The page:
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Photograph by Doron Gild
In 1974 Oliver Sacks was climbing a mountain in Norway by himself. It was early afternoon, and he had just begun his descent when a slight misstep sent him careening over a rocky cliff. His left leg was “twisted grotesquely” beneath his body, his limp knee wracked with pain. “My knee could not support any weight at all, but just buckled beneath me,” he wrote in A Leg to Stand On. Sacks began to “row” himself down the mountain, sliding on his back and pushing with his hands, so that his leg, which he’d splinted with his umbrella, was “hanging nervelessly” in front of him. After a few hours, Sacks was exhausted, but he knew that if he stopped he would not survive the cold night.
What kept Sacks going was music. As he painstakingly descended the mountain, he began to make a melody out of his movements. “I fell into a rhythm,” Sacks writes, “guided by a sort of marching or rowing song, sometimes the Volga Boatman’s Song, sometimes a monotonous chant of my own. I found myself perfectly coordinated by this rhythm—or perhaps subordinated would be a better term: The musical beat was generated within me, and all my muscles responded obediently…I was musicked along.” Sacks reached the village at the bottom of the mountain just before nightfall.
A long convalescence followed, as he tried to regain the use of his injured leg, but the nerves in his limb had been severely damaged. When Sacks tried to walk, he was forced to consciously calculate his movements, to think before each step.
Once again, Sacks was saved by the sudden appearance of song. As he was struggling with physical therapy—and growing increasingly frustrated—his mind was inexplicably filled with the resonant strings of Mendelssohn’s Violin Concerto. “In the moment that this inner music started,” Sacks recounts, “the leg came back. With no warning, no transition whatever, the leg felt alive, and real, and mine.” Sacks would later describe his vivid hallucinations of the Concerto as a kind of miracle, in which the music “descended like grace,” reminding him of his own “kinetic melody.” The song had restored him to himself.
I’m sitting in Oliver Sacks’s office in New York City’s Greenwich Village. Bookshelves are cluttered with neurological texts and periodic-table paraphernalia, so that a rod of tungsten (his favorite element) sits next to the collected works of William James. The air conditioner is perpetually set on high, its wheeze so loud that it drowns out the noises of city and street. This is where Sacks writes, at a desk facing the window by the air conditioner, on long yellow sheets fed into a manual typewriter. “I like the clacking of the keys,” he says. “I can’t write without that sound.”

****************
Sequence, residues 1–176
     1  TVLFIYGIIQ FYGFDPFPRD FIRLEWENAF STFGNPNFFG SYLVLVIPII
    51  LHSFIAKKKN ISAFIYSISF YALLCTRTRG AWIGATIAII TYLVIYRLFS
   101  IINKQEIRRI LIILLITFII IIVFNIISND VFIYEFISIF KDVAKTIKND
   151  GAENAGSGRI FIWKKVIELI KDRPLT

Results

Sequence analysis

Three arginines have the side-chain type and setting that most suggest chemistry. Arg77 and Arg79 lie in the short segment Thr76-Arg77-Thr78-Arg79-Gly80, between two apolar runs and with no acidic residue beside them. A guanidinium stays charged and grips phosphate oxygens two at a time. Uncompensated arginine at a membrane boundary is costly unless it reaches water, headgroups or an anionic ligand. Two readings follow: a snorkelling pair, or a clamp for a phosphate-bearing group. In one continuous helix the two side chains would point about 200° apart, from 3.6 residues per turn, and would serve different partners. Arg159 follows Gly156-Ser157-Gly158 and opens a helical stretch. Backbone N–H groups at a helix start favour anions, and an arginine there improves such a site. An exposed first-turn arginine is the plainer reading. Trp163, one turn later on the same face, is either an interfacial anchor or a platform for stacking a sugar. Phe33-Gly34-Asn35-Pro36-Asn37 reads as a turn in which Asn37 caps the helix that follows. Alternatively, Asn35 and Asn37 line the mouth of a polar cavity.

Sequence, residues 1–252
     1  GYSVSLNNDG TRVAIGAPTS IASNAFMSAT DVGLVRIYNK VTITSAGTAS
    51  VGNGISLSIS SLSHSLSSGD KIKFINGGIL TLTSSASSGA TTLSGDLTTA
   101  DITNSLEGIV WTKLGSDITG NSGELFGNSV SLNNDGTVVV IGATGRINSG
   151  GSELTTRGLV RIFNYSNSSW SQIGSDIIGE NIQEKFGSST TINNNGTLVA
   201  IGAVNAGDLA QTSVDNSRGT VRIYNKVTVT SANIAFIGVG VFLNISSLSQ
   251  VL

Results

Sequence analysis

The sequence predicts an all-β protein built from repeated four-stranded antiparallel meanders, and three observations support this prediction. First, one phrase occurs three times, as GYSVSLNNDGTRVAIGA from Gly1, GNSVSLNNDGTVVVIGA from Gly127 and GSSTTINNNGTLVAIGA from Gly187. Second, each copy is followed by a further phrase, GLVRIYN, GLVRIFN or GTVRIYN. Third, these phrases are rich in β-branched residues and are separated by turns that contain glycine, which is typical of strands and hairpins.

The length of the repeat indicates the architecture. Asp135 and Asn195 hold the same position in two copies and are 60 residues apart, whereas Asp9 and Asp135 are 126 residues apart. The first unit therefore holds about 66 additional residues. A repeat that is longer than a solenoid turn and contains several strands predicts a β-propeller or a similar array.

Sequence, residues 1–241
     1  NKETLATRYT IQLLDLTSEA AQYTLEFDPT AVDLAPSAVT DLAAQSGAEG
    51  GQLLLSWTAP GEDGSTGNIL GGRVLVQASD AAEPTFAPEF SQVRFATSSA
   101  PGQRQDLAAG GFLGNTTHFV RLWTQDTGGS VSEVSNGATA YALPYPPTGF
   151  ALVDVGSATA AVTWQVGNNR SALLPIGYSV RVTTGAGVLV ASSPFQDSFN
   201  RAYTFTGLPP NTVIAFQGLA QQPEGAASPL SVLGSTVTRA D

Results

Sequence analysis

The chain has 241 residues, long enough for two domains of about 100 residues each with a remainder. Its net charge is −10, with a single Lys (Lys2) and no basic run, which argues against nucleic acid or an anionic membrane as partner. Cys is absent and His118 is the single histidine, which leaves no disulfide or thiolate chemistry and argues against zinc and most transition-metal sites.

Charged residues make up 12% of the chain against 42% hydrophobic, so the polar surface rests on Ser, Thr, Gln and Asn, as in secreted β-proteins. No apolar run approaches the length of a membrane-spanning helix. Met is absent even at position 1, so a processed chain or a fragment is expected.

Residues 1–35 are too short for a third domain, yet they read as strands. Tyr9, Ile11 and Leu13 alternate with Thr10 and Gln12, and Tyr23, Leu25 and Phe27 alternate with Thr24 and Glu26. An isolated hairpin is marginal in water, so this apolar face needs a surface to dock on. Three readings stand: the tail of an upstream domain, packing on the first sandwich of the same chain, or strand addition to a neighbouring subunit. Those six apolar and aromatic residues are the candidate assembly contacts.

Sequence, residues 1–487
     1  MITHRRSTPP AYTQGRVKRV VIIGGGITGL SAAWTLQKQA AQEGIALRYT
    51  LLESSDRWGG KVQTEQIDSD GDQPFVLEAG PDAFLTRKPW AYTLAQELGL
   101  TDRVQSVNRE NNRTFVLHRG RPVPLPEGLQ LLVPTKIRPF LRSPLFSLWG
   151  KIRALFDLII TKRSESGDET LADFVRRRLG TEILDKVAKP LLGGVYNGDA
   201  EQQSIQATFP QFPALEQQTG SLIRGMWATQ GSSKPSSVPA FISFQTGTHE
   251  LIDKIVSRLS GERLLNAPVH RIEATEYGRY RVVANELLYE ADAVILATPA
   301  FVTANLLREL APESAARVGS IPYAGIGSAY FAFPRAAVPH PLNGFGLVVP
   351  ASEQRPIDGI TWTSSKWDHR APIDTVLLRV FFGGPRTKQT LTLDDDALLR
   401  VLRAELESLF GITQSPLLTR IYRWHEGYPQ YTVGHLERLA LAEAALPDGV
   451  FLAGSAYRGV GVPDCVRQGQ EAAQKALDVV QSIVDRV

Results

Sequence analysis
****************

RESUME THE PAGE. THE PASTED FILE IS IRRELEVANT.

Sacks’s latest book is Musicophilia, an exploration of the musical mind. As in his previous works, such as An Anthropologist on Mars, or The Man Who Mistook His Wife for a Hat, Sacks describes a series of ordinary people transformed by their extraordinary neurological conditions. He writes, for instance, of Tony Cicoria, who, after being struck by lightning, suddenly developed an insatiable obsession with Chopin’s piano music. Before the accident, Tony had been a respected surgeon, with little interest in classical music. But now he insisted on spending all of his spare time practicing the piano. He even began composing his own pieces, “giving form to the music continually running in his head.” Sacks also describes the case of Martin, who developed uncanny musical talents after contracting meningitis as a child. While the affliction impaired many aspects of Martin’s mind, it left him with a limitless auditory memory. And then there’s Mrs. C., who was besieged by musical hallucinations after becoming deaf. She couldn’t stop hearing Christmas carols.
But Musicophilia is not just a collection of neurological case studies. There is an unexpected thread running through the book. That thread is Sacks’s life. Even as he explores the neurology of music, Sacks returns, again and again, to stories from his own past, almost as if he’s rediscovering them. There are the famous patients from Awakenings, who were unfrozen by the sound of music. There are the musical hallucinations of his mother, who, at the age of 70, was temporarily seized by patriotic songs from her childhood. And there’s the tale of Sacks’s own musical healing so that at times it feels like a memoir told through the prism of music. In Musicophilia, Sacks is both a sensitive observer and a subject. As usual, his own story is inseparable from the stories of his patients.
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